Government CIO Suffolk tells Indian suppliers: ‘bid, bid, bid’

UK government chief information officer John Suffolk has encouraged Indian suppliers to compete for IT work in the public sector ahead of the massive spending cuts to be announced in the Comprehensive Spending Review.

UK government chief information officer John Suffolk has encouraged Indian suppliers to compete for IT work in the public sector ahead of the massive spending cuts to be announced in the Comprehensive Spending Review.

Speaking exclusively to Computer Weekly, Suffolk - an outspoken supporter of transparency in government IT procurement - has said he has "no reservations whatsoever" on Asian firms possibly claiming a slice of the outsourcing pie services giants such as Fujitsu, Capgemini and IBM already enjoy.

"As far as we are concerned, the more suppliers bidding for government work, creates a positive, vibrant, innovative IT community and that is what we ought to promote," Suffolk said.

"I spend a lot of time with our Indian colleagues, they are hugely talented and I encourage them to bid: it's their commercial decision whether do so and they will be treated like anybody else," he said.

"In fact, we have to do that legally under the European Procurement rules. So yes please: bid, bid, bid."

Do thinks differently

According to Suffolk, the upcoming Spending Review presents an opportunity for departments to "do things differently" as departments may be asked to slash their IT budgets by anything between a quarter to almost half the current levels.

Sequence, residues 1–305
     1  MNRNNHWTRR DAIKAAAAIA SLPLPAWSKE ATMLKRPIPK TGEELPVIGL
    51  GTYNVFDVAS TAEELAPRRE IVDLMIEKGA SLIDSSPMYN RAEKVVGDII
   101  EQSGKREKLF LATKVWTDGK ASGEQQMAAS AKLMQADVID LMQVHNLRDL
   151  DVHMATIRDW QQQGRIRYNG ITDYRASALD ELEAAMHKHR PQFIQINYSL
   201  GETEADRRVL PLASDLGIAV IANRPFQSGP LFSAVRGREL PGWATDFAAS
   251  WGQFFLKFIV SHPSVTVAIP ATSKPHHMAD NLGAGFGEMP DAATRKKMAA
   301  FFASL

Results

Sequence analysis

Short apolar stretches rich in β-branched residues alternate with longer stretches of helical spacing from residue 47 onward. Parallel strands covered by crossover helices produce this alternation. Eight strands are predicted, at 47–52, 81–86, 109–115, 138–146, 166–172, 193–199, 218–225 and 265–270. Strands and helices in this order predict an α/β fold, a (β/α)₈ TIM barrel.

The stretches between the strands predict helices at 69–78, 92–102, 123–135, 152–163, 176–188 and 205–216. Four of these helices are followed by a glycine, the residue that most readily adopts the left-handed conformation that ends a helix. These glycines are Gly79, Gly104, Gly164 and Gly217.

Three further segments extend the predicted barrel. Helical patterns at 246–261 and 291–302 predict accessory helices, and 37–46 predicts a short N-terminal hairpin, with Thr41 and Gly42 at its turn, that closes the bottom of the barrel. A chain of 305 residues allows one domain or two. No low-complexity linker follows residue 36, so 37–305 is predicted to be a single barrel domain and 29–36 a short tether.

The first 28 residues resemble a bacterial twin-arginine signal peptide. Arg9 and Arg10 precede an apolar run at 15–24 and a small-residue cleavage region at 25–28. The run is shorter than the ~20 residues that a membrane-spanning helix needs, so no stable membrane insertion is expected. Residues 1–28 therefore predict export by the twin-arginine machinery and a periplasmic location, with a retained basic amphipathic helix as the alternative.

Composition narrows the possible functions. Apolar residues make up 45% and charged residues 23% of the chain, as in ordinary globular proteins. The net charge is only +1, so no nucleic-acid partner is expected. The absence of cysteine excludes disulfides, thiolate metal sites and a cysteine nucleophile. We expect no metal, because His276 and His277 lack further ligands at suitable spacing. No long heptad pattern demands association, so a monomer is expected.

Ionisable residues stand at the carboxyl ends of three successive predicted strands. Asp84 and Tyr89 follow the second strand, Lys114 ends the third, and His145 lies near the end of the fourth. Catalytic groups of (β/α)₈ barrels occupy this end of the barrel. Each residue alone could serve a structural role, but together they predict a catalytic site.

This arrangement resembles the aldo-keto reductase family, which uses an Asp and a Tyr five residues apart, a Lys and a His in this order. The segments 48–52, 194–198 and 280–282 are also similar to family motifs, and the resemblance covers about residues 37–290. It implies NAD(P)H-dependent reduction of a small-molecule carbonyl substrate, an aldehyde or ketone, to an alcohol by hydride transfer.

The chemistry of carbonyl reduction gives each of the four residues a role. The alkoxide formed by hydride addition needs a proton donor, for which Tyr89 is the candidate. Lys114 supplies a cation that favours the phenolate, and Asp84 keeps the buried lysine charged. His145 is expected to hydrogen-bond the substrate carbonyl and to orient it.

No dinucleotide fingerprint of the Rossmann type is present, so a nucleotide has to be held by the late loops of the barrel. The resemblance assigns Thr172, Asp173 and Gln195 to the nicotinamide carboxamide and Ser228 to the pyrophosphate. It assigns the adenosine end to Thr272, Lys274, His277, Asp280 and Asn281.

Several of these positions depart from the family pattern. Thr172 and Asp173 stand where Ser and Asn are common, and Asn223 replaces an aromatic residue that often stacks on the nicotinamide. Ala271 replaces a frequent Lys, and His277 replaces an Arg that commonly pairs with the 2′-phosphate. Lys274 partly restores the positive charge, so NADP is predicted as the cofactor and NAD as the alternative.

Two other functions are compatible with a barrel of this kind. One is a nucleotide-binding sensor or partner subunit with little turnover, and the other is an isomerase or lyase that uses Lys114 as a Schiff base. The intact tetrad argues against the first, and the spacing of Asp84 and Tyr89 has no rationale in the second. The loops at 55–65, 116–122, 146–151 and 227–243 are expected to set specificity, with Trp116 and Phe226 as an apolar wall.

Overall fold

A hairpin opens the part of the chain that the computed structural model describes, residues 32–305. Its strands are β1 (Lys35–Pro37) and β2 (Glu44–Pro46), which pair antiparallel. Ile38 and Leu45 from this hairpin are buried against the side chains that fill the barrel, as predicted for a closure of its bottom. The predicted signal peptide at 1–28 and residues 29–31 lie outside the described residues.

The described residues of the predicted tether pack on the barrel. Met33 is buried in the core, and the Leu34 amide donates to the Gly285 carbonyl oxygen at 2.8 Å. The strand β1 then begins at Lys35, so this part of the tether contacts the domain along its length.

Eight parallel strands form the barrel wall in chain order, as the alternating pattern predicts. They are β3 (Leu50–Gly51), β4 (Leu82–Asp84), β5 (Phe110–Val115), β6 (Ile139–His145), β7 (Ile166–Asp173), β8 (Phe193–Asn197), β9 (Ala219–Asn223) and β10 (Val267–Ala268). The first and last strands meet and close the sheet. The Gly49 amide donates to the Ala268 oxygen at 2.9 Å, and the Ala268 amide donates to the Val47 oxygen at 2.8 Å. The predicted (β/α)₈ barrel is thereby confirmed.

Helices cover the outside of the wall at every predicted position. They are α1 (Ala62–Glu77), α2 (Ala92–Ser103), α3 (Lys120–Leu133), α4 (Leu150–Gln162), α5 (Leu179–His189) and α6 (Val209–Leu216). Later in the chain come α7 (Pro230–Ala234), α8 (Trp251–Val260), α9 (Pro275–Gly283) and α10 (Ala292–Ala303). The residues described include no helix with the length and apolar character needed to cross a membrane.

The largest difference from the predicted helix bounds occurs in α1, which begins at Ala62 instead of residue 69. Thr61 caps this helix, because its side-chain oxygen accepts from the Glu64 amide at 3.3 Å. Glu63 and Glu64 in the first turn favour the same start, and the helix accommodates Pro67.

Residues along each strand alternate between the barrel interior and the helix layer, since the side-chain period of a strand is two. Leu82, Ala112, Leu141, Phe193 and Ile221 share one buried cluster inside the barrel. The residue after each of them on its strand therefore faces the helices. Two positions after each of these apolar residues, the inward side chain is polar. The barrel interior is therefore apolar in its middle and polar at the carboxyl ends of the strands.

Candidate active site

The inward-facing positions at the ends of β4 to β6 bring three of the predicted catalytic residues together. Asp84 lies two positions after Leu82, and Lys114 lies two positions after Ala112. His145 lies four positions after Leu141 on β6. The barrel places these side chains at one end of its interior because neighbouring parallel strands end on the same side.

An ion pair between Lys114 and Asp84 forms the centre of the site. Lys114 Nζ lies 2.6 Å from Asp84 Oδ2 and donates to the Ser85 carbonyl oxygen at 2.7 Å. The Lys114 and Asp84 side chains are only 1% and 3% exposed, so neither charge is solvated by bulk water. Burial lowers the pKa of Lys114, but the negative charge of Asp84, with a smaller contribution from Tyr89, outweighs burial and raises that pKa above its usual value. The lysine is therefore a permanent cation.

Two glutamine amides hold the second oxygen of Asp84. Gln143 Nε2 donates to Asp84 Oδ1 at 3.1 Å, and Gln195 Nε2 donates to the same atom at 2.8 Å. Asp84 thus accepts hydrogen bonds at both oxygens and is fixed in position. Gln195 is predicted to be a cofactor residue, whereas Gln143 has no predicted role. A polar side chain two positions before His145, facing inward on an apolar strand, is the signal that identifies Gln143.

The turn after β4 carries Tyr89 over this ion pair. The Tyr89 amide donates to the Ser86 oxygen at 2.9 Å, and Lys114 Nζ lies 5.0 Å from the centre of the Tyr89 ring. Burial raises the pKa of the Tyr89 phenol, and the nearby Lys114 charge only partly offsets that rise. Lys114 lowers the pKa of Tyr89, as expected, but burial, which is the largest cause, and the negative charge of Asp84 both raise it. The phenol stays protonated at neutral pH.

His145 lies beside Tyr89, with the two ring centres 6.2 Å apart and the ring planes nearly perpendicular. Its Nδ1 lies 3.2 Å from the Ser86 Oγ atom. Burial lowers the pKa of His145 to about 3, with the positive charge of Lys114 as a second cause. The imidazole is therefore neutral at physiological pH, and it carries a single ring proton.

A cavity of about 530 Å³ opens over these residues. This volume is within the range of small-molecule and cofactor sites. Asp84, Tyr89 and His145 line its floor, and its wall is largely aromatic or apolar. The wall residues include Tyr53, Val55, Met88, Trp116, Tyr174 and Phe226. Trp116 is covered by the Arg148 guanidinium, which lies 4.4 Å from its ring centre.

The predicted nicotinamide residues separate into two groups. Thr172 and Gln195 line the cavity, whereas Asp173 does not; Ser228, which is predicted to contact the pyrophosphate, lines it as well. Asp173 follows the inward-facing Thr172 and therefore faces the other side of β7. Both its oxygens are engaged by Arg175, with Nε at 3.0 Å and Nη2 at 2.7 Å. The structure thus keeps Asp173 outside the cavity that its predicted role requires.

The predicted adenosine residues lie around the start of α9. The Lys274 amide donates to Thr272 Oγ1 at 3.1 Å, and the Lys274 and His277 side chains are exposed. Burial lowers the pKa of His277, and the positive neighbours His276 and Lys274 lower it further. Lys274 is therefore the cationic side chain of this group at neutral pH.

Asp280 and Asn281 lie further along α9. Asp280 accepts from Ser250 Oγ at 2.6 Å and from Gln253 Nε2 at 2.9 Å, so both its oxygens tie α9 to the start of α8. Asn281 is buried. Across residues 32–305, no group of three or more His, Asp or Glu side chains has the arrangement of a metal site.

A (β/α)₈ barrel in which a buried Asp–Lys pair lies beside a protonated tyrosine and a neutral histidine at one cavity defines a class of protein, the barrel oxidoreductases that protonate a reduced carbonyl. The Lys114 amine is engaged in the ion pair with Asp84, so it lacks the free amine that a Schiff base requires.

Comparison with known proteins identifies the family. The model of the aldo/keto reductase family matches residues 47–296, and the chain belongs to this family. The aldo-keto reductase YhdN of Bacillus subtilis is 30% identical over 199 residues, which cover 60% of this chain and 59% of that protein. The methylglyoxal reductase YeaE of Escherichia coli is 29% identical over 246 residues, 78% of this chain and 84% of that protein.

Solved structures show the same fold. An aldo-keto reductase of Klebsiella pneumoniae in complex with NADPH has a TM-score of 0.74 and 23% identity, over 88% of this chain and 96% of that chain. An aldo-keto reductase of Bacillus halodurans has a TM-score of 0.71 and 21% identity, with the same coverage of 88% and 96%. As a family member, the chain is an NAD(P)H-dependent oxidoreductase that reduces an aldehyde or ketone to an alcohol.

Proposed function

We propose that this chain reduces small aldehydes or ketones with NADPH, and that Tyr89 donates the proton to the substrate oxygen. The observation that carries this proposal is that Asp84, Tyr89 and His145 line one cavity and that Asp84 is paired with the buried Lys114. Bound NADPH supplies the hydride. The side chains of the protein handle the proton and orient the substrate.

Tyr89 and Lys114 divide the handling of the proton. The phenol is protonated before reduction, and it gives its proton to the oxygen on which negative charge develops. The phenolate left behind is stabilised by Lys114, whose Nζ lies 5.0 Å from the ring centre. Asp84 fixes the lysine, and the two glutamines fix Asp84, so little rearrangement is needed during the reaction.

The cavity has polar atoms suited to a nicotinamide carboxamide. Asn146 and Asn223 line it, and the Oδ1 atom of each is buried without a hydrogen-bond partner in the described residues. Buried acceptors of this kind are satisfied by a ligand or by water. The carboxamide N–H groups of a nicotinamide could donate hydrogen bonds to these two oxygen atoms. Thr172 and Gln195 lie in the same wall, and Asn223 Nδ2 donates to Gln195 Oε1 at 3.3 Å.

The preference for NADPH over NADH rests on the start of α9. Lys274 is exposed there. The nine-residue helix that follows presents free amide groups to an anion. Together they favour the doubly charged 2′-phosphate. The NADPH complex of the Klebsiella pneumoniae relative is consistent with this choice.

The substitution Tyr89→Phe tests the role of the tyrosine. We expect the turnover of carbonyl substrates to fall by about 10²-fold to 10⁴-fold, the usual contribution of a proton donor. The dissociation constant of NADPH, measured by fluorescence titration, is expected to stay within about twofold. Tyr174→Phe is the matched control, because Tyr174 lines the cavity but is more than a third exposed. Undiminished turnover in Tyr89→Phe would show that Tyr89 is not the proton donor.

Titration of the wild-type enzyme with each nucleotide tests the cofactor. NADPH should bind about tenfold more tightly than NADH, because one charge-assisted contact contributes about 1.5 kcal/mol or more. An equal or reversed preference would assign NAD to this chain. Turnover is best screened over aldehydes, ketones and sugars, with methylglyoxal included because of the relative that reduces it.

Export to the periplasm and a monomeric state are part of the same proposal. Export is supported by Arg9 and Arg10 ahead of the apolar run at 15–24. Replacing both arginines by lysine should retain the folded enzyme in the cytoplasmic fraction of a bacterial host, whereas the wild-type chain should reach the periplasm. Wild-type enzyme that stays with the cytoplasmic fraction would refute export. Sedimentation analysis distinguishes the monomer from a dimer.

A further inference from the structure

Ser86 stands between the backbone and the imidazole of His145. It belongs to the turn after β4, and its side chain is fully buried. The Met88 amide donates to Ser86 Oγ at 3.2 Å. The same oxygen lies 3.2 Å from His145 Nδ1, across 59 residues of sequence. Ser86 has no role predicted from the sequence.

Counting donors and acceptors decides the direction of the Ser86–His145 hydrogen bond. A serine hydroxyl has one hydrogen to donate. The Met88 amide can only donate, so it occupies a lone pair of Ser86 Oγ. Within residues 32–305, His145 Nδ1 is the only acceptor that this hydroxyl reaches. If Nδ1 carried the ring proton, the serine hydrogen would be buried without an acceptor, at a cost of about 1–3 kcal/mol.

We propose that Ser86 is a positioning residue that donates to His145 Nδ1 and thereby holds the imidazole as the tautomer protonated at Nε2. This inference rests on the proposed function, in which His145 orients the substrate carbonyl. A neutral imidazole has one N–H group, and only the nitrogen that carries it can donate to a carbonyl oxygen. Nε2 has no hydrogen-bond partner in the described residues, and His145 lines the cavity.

"I have no inside track into [the 20 October announcement] - that is for ministers to decide. However, as the old saying goes, you should never waste a crisis: halving the structural deficit, which is the government's stated priority is a big opportunity for everybody, in technology and outside, to look at what they do and think of better and more effective ways of doing it," said Suffolk.

"In essence, I am hoping that is going to be an opportunity that we will take. It is quite hard for any organisation to reduce their cost by 25%-40%. However, if you look at the way technology has changed, there are so many different options today which we didn't have 10 years ago: departments have different options," he said.

"My belief is that everything we do will come under scrutiny and we'll change in some shape of form and I think that is absolutely right."

Innovate in the cloud

In terms of possible approaches departments could take on technology in a worst case scenario, Suffolk believes that there are possibilities to generate savings by using innovative datacentre design, cloud computing, software-as-a-service, as well as crowd-sourced software development.

"Don't get me wrong, you will always have legacy but it doesn't matter where you look, massive change is possible," said Suffolk.

"I don't think there is a silver bullet - you need to have many silver bullets. Shared services, common infrastructure, app stores and making more of the SME market, thinking differently in terms of project delivery are all part of the solution," he said.

"You can't pigeonhole yourself and only do this or that because the answer may vary across different areas. The more people tie themselves to methodologies, single streaming, solutions or architectures, the more they are stifling the innovative approaches that we could take."

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